But the automatic budget cuts in Washington, known as sequestration, could put a damper on the state's economy in the long run.
"Sequestration likely will slow the economic recovery we're seeing, which is already pretty slow," said Jason Sisney with the California Legislative Analyst Office.
The slowdown could all start on Wall Street. The government must show things are fine. Investors look for bad signs.
"One of them is to signal dysfunction, gridlock and instability that shakes the confidence of private investors, and that starts the ball rolling," said Jim Mayer with California Forward.
The nervousness of investors could trickle down.
"Individuals and businesses, how do they react to sequestration? Does it make them more cautious about spending and hiring?" Sisney said.
As we saw in the great recession, spending and hiring were cut back dramatically. Sequestration could revive some of that timid behavior.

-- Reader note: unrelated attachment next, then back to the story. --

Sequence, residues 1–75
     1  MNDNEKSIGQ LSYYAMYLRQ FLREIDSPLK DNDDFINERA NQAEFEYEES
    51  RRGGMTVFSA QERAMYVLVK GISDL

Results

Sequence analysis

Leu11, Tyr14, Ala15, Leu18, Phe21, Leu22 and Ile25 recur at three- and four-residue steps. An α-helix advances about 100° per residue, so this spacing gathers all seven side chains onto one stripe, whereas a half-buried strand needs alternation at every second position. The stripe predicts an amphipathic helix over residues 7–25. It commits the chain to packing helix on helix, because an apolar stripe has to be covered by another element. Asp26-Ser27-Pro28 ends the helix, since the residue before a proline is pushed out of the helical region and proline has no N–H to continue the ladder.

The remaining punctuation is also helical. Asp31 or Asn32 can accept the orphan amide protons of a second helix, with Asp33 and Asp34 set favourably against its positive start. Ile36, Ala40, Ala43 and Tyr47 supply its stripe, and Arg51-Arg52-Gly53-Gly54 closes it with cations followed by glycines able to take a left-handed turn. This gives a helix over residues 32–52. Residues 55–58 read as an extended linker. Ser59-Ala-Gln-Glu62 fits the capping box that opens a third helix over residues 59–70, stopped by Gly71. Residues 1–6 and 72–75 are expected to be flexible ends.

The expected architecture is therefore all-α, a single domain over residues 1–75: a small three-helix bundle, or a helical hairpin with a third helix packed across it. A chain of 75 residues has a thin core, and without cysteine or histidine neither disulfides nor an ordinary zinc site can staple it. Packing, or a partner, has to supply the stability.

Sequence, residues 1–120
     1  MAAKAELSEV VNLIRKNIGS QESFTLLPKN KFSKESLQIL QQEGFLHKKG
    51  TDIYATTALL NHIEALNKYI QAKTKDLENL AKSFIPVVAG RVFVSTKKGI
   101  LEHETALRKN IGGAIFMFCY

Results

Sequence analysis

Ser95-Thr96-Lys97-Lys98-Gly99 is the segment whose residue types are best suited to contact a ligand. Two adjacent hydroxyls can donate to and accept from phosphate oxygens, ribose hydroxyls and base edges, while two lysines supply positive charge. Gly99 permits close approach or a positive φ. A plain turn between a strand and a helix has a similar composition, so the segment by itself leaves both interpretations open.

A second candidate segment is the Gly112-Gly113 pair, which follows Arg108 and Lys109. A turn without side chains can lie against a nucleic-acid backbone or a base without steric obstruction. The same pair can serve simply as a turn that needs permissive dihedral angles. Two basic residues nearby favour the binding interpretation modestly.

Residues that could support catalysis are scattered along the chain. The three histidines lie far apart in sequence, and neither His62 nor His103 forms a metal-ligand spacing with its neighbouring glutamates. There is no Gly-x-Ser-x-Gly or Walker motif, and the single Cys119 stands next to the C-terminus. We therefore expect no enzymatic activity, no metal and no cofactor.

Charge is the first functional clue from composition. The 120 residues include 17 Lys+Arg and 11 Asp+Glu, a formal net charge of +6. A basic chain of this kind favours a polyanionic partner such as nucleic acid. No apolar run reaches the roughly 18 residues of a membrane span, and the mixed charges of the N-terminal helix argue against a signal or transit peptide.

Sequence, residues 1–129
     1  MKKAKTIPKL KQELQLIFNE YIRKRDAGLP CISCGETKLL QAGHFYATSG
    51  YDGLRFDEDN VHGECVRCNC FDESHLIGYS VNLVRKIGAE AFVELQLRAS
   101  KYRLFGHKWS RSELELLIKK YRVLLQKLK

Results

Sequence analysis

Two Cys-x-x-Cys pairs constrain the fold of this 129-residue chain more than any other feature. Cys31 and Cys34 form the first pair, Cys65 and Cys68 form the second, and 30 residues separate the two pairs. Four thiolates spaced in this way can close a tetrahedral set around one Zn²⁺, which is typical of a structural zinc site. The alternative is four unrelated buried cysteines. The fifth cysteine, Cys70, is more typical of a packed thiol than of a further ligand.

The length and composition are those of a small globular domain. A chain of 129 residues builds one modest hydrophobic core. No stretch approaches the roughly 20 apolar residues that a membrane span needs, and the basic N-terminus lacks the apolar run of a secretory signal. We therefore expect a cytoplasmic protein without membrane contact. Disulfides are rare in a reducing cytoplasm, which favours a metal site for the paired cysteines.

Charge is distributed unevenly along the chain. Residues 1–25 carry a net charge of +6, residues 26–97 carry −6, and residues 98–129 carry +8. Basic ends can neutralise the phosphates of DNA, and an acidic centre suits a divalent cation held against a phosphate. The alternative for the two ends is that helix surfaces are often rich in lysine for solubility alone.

In the defense sector, which is big in the golden state, there's talk of furloughs, reducing the number of hours for its employees.
State workers were furloughed during California's own budget crisis. Local businesses suffered because employees got smaller paychecks, making them spend less.
The Assembly just passed a resolution urging Congress to do whatever it takes to avoid the sequester, set to take effect March 1. Not everyone voted for it because spending cuts are exactly what the federal government needs.
"We're talking about tax money that we sent to Washington that we get scraps back. That's what we're really talking about. In this case, the scraps are 2 1/2 cents of the dollar we sent there," said state Assm. Tim Donnelly (R-Twin Peaks).
Sequestration cuts were designed to be so awful, that compromise was a better alternative.
"Apparently the willingness to inflict that pain on the public, rather than govern, is higher than we thought," Mayer said.